The gross and histologic observations in this case of neuritis of the cauda equina are typical of published cases. The presenting complaints indicated disease in the lumbar and sacral areas and the gross lesions reflected that. There was a ganglioneuritis of the trigeminal and cervical ganglia, but no other lesions were noted in the CNS. The fibrous tissue surrounding the cauda equina prevented separation of nerves; yet, the reaction stopped at the dura. This condition affects adult horses of many breeds. Because antibodies to P2 myelin have been commonly reported to be present in these animals, this disease is thought to represent an allergic neuritis similar to human Guillain-Barré syndrome. A test for P2 antibodies was not run in this horse. The etiology of this condition is not known. Equine adenovirus was isolated (after multiple passages) from two, reported cases of equine cauda equina neuritis.
Case 28-3. The outlines of degenerate nerve sheaths are surrounded by an infiltrate of lymphocytes, plasma cells, rare foreign body giant cells supported by fibrous connective tissue.
AFIP Diagnosis: Spinal cord, nerve roots: Polyradiculoneuritis, lymphoplasmacytic, histiocytic, fibrosing, multifocal, mild to severe, thoroughbred, equine.
Conference Note: Neuritis of the cauda equina has often been compared to Guillain-Barré syndrome and experimental allergic neuritis. Similarities include demyelinating changes in the proximal roots associated with infiltrating mononuclear cells and macrophages that strip away segments of the myelin sheaths. It is unclear whether circulating antibodies against P2 myelin protein represent the cause of the disease or a consequence of antigen release during myelin destruction. The chronic, unremitting course, intense granulomatous inflammation of the extradural roots and prevalence of axonal degeneration in neuritis of the cauda equina also differ from the previously mentioned immune-mediated diseases.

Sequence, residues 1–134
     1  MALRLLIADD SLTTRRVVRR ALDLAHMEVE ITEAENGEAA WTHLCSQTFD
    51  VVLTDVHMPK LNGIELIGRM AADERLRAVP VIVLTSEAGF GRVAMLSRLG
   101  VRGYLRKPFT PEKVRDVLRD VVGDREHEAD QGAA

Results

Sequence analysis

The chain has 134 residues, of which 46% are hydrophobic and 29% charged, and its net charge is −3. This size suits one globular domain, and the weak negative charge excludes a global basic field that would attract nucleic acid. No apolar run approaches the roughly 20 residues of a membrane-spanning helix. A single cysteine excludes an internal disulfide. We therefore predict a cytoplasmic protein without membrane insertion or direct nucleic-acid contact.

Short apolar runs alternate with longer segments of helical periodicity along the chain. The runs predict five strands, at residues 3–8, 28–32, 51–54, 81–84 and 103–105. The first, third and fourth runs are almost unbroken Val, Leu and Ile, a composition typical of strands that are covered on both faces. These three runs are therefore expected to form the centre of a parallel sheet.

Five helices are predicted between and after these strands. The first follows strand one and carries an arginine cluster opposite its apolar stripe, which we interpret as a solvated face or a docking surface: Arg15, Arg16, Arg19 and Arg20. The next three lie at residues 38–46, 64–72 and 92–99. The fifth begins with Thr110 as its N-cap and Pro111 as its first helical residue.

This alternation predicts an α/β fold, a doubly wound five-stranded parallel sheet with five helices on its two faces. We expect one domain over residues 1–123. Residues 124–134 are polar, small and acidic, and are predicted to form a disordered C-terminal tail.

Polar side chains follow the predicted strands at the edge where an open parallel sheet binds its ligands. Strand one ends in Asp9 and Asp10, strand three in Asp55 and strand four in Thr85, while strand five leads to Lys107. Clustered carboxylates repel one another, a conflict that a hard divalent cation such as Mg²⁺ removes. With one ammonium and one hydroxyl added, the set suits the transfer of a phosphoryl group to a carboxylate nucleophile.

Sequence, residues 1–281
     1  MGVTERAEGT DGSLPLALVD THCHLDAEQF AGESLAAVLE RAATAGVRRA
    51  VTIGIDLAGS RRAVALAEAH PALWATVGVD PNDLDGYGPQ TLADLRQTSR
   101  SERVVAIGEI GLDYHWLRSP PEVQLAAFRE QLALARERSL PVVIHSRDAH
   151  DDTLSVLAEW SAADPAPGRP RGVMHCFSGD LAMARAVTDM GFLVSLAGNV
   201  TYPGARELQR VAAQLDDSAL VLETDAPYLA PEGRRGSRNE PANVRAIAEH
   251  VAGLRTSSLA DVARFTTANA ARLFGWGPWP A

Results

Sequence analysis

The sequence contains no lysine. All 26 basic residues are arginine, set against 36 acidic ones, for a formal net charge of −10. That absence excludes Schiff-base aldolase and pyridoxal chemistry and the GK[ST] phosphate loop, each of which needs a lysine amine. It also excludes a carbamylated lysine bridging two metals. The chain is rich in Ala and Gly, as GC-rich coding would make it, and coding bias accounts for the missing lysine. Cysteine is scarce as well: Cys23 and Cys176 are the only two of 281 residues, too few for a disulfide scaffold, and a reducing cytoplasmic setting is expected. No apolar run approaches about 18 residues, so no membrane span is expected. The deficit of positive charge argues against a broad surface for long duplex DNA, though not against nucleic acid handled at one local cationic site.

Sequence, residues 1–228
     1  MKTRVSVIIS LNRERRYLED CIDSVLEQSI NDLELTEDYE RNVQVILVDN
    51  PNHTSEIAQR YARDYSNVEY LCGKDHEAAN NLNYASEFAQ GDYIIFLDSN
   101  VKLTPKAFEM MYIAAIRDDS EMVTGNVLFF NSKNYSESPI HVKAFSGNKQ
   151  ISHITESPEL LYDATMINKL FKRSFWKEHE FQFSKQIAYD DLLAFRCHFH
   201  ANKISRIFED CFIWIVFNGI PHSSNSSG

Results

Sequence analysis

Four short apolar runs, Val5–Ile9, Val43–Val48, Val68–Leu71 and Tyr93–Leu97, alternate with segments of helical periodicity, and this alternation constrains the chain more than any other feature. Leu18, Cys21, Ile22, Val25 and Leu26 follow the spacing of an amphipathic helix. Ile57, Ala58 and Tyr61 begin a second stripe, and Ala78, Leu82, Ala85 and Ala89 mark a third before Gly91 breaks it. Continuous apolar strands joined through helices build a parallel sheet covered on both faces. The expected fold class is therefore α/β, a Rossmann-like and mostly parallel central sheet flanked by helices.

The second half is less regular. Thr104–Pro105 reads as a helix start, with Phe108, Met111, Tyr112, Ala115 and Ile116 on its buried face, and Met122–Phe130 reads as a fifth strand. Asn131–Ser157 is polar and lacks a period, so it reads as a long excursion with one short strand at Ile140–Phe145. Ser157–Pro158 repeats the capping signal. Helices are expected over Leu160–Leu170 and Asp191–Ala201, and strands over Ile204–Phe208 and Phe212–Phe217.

Contributor: College of Vet Medicine, Texas A&M University, College Station, TX 77843-4467.
1. Edington N, Wright JA, Patel JR, Edwards GB, Griffiths L: Equine adenovirus 1 isolated from cauda equina neuritis. Res Vet Sci 37:252-254, 1984
2. Fordyce PS, Edington N, Bridges GC, Wright AJ, Edwards GB: Use of an ELISA in the differential diagnosis of cauda equina neuritis and other equine neuropathies. Eq Vet J 19:55-59, 1987
3. Kadlubowski M, Ingram PL: Circulating antibodies to the neuritogenic myelin protein, P2, in neuritis of the cauda equina of the horse. Nature 293:299-300, 1981
4. Summers BA, Cummings JF, de Lahunta A: Veterinary Neuropathology, pp. 432-434. Mosby-Year Book, Inc., Baltimore, MD, 1995
5. Wright JA, Fordyce P, Edington N: Neuritis of the cauda equina in the horse. J Comp Pathol 97:667-675, 1987
Case IV - UCD2 (AFIP 2714532)
Signalment: One-month-old, male, thoroughbred foal
History: This foal was born three weeks prematurely and had a history of dyspnea with ataxia, aspiration pneumonia and labored breathing. The foal presented to the Veterinary Medical Teaching Hospital, bright, alert and responsive but icteric. Twenty-four hours after presentation the PCV dropped from 22 to 10. Occult blood was present in the feces and the foal was weakly Coombs' positive. The animal was given a transfusion with washed red blood cells from the mare. The foal was hypoxic and was given nasal oxygen. Blood glucose ranged from 50 to 60 despite a continuing good appetite. Radiographs revealed hypoplastic cuboidal bones in the tarsus and carpus. The foal was treated with ampicillin, amikacin®, Ranitidine®, Sucralfate®, Banamine®, dexamethasone, vitamin E, fluid and dextrose.